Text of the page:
The facial expression is created by a complex interaction of different facial muscles/muscle groups, which are harmoniously coordinated with each other. A facial expression is therefore never created only by the contraction of one muscle, but by a "concert of different muscles". Each muscle has its own "vector", i.e. its own traction direction, contractile ability (strength of muscle shortening), muscle amplitude (shortening path), and its influence on the facial skin as an overlying layer.
The visible movements of the facial surface are called facial expressions. In most cases, an overall impression is created from individual mimic facets, as the individual movements of the facial muscles take place in fractions of a second. Facial expression is a part of the expressive behavior of humans as well as animals capable of it. In humans, together with other behaviors and actions such as gestures, it is an important component of non-verbal communication.
Facial expression is essentially based on the contraction of the mimic muscles and is produced particularly by the eyes and mouth as the most mobile parts of the face. There are about three thousand variations.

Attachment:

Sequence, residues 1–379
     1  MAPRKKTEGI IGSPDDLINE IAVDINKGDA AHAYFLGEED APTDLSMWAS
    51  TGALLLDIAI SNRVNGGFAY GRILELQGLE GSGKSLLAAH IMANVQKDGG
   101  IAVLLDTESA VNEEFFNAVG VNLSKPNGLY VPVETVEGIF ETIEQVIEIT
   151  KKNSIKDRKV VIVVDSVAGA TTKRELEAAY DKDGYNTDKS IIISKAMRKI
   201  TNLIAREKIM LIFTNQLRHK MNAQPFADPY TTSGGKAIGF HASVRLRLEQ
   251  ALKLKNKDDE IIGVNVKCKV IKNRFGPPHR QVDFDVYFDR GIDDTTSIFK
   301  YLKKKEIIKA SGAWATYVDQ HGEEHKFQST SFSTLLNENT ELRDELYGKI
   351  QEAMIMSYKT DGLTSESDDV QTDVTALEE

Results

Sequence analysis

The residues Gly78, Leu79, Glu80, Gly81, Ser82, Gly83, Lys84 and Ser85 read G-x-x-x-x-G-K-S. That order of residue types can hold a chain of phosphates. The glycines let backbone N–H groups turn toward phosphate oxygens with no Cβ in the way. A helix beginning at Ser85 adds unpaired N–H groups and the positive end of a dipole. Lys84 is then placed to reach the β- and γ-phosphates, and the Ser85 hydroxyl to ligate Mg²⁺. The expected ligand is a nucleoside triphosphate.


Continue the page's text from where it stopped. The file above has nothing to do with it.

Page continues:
Our friends from ANATOMYNEXT support this site with their excellent 2D and 3D teaching models. With these models, you can interactively learn the tasks and functions of individual muscles that are important for the facial expression. You can rotate the 3D models by holding down the left mouse button and view them from all sides. When you rotate your mouse wheel, you can zoom in and out. On some models, you can click on additional numbers and directly call up the anatomical designation of individual muscles or estimate their topographical position relative to neighboring structures. In addition to other functions, you can switch to full screen mode by pressing the "Full screen” key (bottom right of the image).